Wellington Regional Chamber of Commerce has waded into the pay dispute between bus drivers and their employers GO Wellington and has urged them to resolve the issue for the good of the city.
About 300 drivers were locked out this morning after the company responded to an hour-long strike during yesterday morning's rush hour and threats of further strike action.
It resulted in thousands of commuters being late for work this morning and traffic chaos as workers took their cars.
GO Wellington has said the lockout would continue until Tramway Union members withdrew their strike notice, while the union said it would only withdraw their notice after the lockout was lifted.
"This industrial action has caused considerable disruption to commerce in the city with employees arriving late for work and increased congestion reducing the efficiency of the transport network," chamber chief executive Charles Finny said today.
"The cost of this dispute is being felt more widely than the two parties concerned.
"The loss of productivity and the damage to Wellington's reputation as a smoothly running city will impact on us all."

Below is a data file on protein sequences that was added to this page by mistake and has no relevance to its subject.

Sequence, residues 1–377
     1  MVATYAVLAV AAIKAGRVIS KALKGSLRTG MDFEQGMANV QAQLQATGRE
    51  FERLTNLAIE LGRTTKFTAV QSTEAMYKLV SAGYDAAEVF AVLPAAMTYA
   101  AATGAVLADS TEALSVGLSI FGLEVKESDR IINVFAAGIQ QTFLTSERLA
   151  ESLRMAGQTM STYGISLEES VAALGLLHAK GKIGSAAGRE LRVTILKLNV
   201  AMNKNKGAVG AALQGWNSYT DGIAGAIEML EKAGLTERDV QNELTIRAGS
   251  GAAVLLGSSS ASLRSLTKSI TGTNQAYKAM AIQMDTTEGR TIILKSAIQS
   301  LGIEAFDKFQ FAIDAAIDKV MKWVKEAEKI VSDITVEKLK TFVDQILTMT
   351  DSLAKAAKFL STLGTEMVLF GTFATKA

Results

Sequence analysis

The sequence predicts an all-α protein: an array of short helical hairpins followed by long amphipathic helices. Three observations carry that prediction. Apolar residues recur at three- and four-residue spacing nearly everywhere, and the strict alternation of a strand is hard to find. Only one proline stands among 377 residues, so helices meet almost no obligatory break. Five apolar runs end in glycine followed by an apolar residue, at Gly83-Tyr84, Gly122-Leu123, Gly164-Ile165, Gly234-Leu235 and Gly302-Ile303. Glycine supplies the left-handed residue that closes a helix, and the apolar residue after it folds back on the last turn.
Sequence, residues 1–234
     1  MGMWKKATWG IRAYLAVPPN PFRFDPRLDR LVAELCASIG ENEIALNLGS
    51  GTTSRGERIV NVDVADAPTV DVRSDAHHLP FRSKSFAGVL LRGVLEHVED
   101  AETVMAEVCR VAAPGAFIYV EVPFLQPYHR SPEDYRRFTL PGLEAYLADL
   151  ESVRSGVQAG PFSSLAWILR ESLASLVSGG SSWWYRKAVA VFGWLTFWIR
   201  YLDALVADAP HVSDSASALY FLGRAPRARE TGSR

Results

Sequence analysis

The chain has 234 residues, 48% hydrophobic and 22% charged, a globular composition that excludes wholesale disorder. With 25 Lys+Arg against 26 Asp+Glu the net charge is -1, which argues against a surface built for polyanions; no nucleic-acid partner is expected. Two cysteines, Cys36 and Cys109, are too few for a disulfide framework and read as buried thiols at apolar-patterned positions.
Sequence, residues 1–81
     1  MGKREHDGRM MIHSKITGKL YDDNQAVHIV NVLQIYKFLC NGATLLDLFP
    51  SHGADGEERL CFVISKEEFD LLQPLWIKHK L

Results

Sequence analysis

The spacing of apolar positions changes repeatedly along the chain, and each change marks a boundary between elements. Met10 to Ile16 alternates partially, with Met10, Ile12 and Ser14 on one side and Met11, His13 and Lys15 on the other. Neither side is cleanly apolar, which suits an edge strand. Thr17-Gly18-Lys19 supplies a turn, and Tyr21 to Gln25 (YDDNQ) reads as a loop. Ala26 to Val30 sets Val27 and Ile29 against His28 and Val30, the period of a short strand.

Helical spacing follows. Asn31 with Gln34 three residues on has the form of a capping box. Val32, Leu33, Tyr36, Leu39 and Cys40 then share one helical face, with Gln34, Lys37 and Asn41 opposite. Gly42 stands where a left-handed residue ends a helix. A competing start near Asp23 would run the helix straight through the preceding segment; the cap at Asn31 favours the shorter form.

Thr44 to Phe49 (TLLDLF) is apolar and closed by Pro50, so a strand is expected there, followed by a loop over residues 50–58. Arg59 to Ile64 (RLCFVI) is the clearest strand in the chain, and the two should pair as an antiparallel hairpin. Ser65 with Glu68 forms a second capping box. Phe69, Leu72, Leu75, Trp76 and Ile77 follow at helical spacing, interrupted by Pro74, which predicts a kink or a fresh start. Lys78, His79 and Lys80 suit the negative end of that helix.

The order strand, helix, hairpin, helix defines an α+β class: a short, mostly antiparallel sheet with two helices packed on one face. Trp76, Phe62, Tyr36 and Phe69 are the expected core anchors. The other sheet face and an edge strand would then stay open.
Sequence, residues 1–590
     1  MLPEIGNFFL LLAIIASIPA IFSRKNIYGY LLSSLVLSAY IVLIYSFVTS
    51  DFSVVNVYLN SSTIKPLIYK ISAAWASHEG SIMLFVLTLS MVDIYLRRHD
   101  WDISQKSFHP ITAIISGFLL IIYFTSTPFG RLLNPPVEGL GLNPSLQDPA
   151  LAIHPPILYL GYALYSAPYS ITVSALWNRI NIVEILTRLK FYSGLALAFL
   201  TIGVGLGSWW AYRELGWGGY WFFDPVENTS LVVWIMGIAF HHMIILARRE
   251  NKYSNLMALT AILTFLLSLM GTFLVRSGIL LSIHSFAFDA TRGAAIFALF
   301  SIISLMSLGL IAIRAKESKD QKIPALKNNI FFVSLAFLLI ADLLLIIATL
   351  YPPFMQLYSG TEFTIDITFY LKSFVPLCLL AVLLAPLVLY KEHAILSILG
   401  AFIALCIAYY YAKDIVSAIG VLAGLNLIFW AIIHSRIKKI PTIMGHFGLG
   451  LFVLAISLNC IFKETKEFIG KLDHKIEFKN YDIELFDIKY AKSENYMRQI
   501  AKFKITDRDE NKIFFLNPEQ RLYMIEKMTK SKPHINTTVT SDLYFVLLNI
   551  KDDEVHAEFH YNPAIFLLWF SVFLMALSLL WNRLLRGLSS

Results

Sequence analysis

Mr Finny said the dispute had come at a bad time as Wellington was about to play host to visitors coming to see the World of WearableArt (crrt) show.
"It is also unfortunate that Nick Kelly and his Tramway's Workers Union have chosen to launch their industrial action during term time.
"Disruption would have been minimised had it occurred just a week later in the school holidays. The targeting of school children as they are preparing for their end of year exams is a particularly low blow."
He added the dispute also sent a negative message to new commuters who had recently decided to give public transport a go because of high fuel prices.
"We urge both parties to come together and resolve this dispute for the good of the city as a whole," Mr Finny said.
Tramways Union secretary Kevin O'Sullivan said the drivers' base pay rate of $12.72 an hour was unacceptable in light of today's living costs and that roster cuts had seen their real incomes reduced 19 per cent in recent years.
GO Wellington general manager Bruce Kenyon said management had worked hard to try and resolve the issue, including offering a 7 per cent pay increase, and was disappointed the decision was made to strike.
Once penal rates, allowances and the 7 per cent offer were taken into account, drivers' hourly wage would equate to $19.41, GO Wellington said.
A small number of privately owned bus companies in the greater Wellington region were not involved in the action and would continue to operate as usual.